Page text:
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Unraveling Code with the Debugger

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Daniel Allen
June 05, 2006

Daniel Allen
Daniel Allen is a software developer and Linux sysadmin living in Southern Ontario. He is a founding member of Kitchener-Waterloo Perl Mongers.

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Many people who work with Perl code never touch the debugger. My goal in this article is to provide reasoned argument for adding the Perl debugger to your set of tools, as well as pointers on how to do so. Many people are most comfortable with adding debugging variables and print statements to their code. These are fine techniques; I use them too, when they are appropriate. At other times, the debugger has saved me from tearing my hair out.

To mangle an old saying, with apologies to Sartre, "Hell is other people's code." Other people think differently than I do; they use weird idioms, and sometimes their comments are incomprehensible. Invoking the debugger on someone's code is like having a conversation with the author. It opens the code to the questions I want answered, in real time--and there's another party in the conversation, the Perl interpreter. The debugger makes it easy to try things out, even quicker than writing a one-liner, because the environment's already set up for the running program.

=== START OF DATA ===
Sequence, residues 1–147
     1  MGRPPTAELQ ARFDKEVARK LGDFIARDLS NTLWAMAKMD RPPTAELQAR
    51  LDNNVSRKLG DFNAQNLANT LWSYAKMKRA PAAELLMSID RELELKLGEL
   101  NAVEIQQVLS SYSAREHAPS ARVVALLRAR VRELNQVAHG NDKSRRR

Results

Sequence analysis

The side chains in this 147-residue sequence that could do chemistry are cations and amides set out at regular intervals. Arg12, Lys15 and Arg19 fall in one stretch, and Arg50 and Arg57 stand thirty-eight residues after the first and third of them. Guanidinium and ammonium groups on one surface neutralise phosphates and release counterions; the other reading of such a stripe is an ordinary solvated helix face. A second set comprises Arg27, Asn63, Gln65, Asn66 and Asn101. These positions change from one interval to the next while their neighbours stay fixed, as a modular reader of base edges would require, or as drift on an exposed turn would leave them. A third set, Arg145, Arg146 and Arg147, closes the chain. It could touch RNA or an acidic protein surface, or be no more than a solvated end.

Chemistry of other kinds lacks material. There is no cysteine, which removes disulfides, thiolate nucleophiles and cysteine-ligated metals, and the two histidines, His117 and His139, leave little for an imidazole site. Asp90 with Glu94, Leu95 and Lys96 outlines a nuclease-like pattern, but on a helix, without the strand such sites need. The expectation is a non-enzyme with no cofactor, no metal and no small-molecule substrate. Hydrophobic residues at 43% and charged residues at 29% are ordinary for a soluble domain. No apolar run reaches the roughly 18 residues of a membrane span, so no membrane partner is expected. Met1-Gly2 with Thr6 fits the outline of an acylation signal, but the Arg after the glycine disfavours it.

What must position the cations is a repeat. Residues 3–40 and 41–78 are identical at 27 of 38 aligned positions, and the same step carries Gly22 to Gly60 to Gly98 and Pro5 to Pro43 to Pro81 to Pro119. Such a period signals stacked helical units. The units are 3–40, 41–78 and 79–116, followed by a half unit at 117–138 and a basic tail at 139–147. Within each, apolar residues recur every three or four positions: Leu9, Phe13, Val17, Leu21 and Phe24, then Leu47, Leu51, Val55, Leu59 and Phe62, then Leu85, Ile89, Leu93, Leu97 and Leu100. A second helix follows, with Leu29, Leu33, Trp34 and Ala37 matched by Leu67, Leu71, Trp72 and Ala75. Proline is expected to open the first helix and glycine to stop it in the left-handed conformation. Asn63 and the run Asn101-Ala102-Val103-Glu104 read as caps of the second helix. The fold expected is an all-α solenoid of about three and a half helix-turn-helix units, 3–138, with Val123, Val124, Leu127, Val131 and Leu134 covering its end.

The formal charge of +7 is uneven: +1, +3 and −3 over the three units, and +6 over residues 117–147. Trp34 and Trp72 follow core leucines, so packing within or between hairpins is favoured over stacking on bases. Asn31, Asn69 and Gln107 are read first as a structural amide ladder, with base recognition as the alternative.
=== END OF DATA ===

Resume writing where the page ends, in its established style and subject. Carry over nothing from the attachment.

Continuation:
This article is a case example of using the Perl debugger in a production environment. In this situation, we had problems with CGI scripts on a machine I don't maintain. I wanted to go in, solve the problem, and get out quickly, without unnecessarily changing anybody's code.


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